The recent online firestorm ignited by Gary Lineker's tweet criticising the UK Government's proposed immigration policy has brought the importance of a well drafted social media policy into sharp focus.
The BBC suspended the services of the Match of the Day presenter pending an investigation into his alleged breach of its impartiality and social media guidelines. It became abundantly clear, however, that the BBC had lost the dressing room when fellow pundits boycotted the programme in a show of support for Lineker, and the presenter was reinstated.
This recent embroilment is a marked departure from the circumstances that usually give rise to social media controversies whereby discriminatory or hateful content is shared online by employees, rather than the condemnation of a policy viewed as being "immeasurably cruel" and reminiscent of a totalitarian regime by an independent contractor of the public service broadcaster. The key takeaway for organisations is, however, the same: a clear, well-defined and considered social media policy that is tailored to each organisation and its workforce is crucial in managing any social media furore.
How Does Social Media Case Law Typically Arise in Practice?
The Irish and UK case law in this area typically presents as unfair dismissal cases where the organisation dismisses the employee who has brought their organisation into disrepute as a result of their online social media activity. Such cases can, effectively, be divided into three distinct categories, the first two being significantly more straight-forward to handle for employers:
- Where an employee is dismissed for posting controversial material to a social media account about their employer or the company's products;
- Where an employee is dismissed for posting controversial material about their colleagues; and
- Where an employee is dismissed for posting controversial content that is unrelated to the organisation, the workplace or any colleagues, suppliers, etc.
The case law shows that even where a dismissal is procedurally fair, it can be very difficult for an employer to show that a dismissal for misuse of social media is substantively fair in the absence of a clear and explicit social media policy. The proportionally of the decision to dismiss is also heavily scrutinised.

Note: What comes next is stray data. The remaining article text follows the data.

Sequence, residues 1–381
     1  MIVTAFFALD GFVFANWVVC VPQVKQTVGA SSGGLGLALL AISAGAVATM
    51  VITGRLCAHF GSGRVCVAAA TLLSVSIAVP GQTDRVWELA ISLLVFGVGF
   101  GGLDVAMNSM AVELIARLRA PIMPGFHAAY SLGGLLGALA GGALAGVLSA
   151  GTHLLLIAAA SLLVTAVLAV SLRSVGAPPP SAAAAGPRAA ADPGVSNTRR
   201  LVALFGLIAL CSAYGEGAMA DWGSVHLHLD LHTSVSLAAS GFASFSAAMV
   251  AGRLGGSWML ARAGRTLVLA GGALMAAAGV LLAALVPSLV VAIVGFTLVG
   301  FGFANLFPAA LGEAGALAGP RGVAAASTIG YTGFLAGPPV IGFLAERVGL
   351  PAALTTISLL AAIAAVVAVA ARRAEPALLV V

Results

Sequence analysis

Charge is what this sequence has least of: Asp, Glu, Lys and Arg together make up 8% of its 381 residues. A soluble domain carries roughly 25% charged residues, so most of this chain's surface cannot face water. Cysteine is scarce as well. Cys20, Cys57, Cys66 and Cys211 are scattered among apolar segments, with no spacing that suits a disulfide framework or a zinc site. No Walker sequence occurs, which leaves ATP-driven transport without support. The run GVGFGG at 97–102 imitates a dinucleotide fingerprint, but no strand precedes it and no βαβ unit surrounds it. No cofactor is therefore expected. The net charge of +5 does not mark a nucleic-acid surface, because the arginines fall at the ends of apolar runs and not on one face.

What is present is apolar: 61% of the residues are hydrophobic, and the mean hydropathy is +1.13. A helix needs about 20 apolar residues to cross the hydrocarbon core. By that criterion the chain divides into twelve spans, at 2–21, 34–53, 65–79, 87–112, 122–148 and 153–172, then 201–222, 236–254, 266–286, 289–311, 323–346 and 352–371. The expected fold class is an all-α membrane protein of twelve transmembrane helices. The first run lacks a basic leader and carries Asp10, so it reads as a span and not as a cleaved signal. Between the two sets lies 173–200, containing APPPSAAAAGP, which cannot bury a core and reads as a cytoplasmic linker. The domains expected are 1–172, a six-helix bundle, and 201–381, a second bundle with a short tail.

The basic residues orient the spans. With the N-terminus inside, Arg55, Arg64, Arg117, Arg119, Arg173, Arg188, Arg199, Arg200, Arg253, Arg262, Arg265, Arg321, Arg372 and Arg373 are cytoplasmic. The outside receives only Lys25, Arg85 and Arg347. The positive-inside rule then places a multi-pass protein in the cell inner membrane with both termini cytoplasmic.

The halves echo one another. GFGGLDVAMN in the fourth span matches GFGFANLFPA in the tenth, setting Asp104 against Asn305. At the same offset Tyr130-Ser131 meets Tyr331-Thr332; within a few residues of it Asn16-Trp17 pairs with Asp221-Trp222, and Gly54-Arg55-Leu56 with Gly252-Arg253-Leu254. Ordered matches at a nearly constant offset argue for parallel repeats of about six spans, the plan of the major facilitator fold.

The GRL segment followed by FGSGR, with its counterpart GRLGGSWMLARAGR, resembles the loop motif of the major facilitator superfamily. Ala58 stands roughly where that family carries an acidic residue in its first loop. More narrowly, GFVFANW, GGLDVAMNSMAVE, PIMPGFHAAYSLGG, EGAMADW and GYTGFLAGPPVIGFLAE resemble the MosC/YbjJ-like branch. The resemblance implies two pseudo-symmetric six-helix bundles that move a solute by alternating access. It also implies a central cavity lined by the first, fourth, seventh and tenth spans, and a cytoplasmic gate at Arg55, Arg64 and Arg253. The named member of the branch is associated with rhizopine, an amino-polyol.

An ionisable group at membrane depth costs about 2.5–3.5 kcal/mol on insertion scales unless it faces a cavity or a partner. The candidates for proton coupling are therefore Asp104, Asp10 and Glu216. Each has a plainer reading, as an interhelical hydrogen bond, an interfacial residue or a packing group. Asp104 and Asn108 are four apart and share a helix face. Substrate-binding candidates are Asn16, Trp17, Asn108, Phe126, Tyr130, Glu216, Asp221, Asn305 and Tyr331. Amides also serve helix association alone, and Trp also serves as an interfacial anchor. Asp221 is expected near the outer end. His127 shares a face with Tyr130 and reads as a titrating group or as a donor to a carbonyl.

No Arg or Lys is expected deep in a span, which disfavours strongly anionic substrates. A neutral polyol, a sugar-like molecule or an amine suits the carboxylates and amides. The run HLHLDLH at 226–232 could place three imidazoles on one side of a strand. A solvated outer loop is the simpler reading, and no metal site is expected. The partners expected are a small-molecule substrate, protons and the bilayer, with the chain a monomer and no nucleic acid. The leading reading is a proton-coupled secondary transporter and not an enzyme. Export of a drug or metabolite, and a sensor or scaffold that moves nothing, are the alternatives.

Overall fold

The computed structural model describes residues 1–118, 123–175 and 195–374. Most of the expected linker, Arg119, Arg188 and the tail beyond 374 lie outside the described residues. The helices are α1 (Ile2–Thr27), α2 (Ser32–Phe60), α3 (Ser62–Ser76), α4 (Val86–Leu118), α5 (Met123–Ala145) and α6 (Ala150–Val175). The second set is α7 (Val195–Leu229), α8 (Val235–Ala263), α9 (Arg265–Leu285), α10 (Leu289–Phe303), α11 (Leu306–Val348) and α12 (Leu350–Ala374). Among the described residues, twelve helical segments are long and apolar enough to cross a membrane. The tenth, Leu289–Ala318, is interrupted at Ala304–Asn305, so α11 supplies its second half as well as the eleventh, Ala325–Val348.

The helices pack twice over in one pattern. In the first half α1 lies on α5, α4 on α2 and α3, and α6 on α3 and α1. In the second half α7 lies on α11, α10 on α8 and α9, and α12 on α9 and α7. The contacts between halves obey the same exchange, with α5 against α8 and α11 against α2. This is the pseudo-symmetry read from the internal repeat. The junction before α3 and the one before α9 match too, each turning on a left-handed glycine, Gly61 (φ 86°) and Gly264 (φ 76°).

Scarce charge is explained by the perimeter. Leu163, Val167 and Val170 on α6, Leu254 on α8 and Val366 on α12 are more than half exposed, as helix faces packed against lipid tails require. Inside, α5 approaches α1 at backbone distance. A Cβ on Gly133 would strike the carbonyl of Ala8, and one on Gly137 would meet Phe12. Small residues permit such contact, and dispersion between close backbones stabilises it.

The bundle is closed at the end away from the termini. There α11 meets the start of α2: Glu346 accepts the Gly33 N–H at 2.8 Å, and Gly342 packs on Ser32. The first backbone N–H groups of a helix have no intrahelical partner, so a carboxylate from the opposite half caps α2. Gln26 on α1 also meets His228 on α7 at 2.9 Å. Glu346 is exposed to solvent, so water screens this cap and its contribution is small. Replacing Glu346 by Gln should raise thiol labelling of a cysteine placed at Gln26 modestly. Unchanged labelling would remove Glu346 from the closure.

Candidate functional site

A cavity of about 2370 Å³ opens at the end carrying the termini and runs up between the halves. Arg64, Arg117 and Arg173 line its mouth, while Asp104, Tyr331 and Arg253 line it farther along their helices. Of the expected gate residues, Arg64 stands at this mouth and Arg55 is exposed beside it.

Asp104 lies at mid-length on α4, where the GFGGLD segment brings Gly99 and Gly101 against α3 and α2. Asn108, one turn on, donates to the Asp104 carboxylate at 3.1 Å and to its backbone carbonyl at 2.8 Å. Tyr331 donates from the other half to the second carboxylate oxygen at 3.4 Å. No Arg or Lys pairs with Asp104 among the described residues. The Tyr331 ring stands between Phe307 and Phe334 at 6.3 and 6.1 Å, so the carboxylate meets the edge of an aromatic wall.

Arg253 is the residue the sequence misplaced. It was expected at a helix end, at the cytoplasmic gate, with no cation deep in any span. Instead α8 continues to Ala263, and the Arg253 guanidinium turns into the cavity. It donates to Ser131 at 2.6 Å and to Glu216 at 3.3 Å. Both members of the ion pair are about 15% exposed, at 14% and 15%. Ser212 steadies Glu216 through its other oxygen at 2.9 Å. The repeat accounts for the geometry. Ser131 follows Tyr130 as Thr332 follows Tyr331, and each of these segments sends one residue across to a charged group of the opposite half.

What Are the Key Learnings From Such Cases?
- Employment contracts should include a clause which permits termination where the employee acts in a manner that brings the organisation into disrepute or otherwise prejudices its reputation.
- Services agreements with independent contractors: The Lineker debacle also raises the question as to whether services agreements with independent contractors should include such clauses. Careful consideration around the drafting would be crucial to ensure that it does not increase any potential misclassification risk.
- Social Media Policies should set out very clear guidelines about the use of social media and should include the following:
- Guidance on the company's reputation in the market and the importance of employee / contractor responsibility on social media in respect of not bringing the company into disrepute, causing any reputational damage to the organisation (including its products, workforce, leadership, etc.) or, indeed, impacting any standards or values which are integral to the organisation;
- Explicit provision that any social media content posted that brings the company into disrepute will be considered to be misconduct or gross misconduct (depending on the content) and give rise to the invocation of a disciplinary process which may result in disciplinary action, up to and including dismissal for employees or the termination of a services agreement with independent contractors; and,
- Guidance on what online behaviour or content would bring the company into disrepute, including a non-exhaustive list of examples.
- Training is key to educating a workforce on the contents of the Social Media Policy.
- Managing a disciplinary process: Where an employer finds itself in the middle of a social media firestorm, it is important that it implements any disciplinary process in accordance with its own policy and adheres to full and fair procedures.
- Consider PR / communication strategy: Managing the business risk of any fallout will likely be the most important component for an organisation so employers should engage with their internal or external PR / communications teams / brand management teams immediately. Any communication should be run by a legal advisor to ensure that it does not prejudice any subsequent processes.
Conclusion – Don’t be Caught "Ball Watching"!
Organisations are advised to take immediate action to protect themselves. Given the explosive and rapid way in which such circumstances can arise, and the potentially very damaging effect such can have on the reputation of the organisation, businesses can never be too prepared.
This article was authored by Denise Moran. Co-Authors were also, Geraldine Carr, Russell Rochford and Colum Holland. For more information please contact any of our authors, our Employment, Pensions and Benefits team or your usual contact at Matheson